RUTH – 40s-50s. Ruth’s journey is from the false self-confidence of the emotionally abused to the genuine self confidence of the woman happy in her own skin. Ruth is eager to please but not a rag doll, and despite being Marie’s right-hand woman she is desperate to be the cartilage in the spine of the WI and keep everyone happy. She has spine herself — if she was too wet, no-one would want her around. But they do, and they feel protective of her because they sense there is something better in Ruth than her life is letting out. They are proved right. Ideal car — at the start, whatever Eddie wants; at the end, whatever she wants. Ideal holiday — at the start wherever Eddie is, at the end wherever he isn’t. The Rabbit Costume: Ruth made this last night. It should be a cocktail of good intention and not enough time.
MARIE – 50s-60s. Marie has gradually built the current ‘Marie’ around herself over the years as a defense mechanism. She went to her Oz, Cheshire, and found Oz didn’t want her. She came back scorched. The WI is a trophy to her, which justifies her entire existence. There is a lingering part of Marie that would love to be on that calendar. Ideal car — something German and well-valeted. Ideal holiday — a quasi-academic tour of somewhere in Persia advertised in a Sunday Supplement which she could then interminably bang on about.
JOHN – 50s-60s. John is a human sunflower. Not a saint. Not a hero. Just the kind of man you’d want in your car when crossing America. When he dies it feels like someone somewhere turned a light off.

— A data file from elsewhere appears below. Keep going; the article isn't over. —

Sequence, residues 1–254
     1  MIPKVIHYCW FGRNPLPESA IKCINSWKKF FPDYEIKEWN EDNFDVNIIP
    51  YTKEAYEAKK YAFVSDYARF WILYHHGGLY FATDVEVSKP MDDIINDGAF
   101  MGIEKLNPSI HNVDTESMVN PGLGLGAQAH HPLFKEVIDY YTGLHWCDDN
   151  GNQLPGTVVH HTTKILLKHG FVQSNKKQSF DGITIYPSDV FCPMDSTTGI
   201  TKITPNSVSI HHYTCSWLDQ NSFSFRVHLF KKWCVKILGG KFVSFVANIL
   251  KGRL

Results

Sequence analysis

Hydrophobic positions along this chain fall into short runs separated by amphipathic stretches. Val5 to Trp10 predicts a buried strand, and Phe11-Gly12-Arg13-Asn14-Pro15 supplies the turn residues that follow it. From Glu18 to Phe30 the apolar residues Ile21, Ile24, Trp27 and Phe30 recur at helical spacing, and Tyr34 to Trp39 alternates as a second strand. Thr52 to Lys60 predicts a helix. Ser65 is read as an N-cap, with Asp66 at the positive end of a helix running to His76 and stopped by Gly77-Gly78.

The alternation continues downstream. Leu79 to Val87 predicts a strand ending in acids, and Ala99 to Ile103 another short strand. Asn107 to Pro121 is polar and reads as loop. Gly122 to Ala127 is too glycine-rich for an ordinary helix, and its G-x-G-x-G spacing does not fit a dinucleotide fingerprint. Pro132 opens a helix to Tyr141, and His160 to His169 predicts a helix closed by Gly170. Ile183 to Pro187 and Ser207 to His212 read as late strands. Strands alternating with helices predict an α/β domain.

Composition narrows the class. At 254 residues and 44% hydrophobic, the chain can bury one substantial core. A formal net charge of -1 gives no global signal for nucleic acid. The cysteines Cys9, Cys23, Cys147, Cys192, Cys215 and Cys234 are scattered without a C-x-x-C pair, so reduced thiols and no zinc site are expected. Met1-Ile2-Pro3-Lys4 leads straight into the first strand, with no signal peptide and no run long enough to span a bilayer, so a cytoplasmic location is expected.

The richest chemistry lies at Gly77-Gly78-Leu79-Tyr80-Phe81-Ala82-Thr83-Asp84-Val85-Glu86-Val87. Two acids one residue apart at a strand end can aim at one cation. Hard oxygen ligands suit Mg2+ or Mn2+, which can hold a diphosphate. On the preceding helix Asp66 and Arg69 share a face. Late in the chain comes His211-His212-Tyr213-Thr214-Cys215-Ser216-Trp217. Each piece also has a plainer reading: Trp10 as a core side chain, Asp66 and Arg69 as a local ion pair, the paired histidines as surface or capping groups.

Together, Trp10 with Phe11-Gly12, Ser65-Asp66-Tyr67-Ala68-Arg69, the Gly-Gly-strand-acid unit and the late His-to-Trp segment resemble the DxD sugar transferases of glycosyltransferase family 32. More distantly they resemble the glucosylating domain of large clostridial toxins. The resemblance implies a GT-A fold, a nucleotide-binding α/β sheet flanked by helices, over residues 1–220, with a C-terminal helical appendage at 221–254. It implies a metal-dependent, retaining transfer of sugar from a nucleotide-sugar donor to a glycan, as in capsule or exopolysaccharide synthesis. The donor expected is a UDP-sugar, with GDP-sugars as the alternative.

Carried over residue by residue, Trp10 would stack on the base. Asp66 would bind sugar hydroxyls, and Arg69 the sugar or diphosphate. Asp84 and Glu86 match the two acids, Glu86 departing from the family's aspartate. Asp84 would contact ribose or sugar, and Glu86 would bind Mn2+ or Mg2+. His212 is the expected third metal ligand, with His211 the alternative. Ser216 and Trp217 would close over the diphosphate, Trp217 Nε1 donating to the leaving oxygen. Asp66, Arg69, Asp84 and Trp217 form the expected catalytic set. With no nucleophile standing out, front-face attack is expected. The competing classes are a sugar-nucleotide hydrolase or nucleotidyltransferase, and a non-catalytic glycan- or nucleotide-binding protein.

ROD – Chris’s husband, 50s-60s. You have to be a certain kind of guy to stick with Chris and Rod loves it. He can give back what he gets, and has a deadpan humour which has always made Chris laugh. He drinks a lot but never so much as to have a problem. He would work every hour to make his shop a success. And John was his mate, even though the relationship was originally channeled through their wives.
LAWRENCE – late 20s. Hesitant without being nerdy, Lawrence is a shy young man with enough wit to make a joke and enough spirit to turn up at the WI hall in the first place. When he arranges the shots he is close to female nudity but sees only the photo.
LADY CRAVENSHIRE – 60s. Lady Cravenshire really doesn’t mean to be so patronizing. But the WI girls seem from another world. The world of her estate workers. Dress: when she makes an entrance, she must make an entrance. Largely white or cream to outplay the others, with a bigger hat than Marie. She is not a tweed-wearer. She must glide in like a galleon.
ELAINE – 20s. Elaine really doesn’t mean to be so patronizing. But Jessie seems from another world. The world of her gran. Dress: her clinical whites slice through like a knife. You feel you could cut yourself on that dress.
LIAM – late 20s. Liam would like to be directing other things than photoshoots for washing powders. He’s not so unprofessional as to let it show, but we can sense a slight weariness at having to deal with these women. There’s a resigned patience to his actions and each smile he makes we feel is professional. For Liam, this photoshoot is a job. And not the job he wanted. Dress: Avoid wearing shades inside a building. If you’ve gone down that route, you’ve made the weary boy a wideboy.
BRENDA HULSE- 40s-60s. Brenda is a very dull speaker, who has bored the WI group in the past with a presentation on “The History of Tea Towels”, and has prepared a presentation for the group on “The Fascinating World of Broccoli”.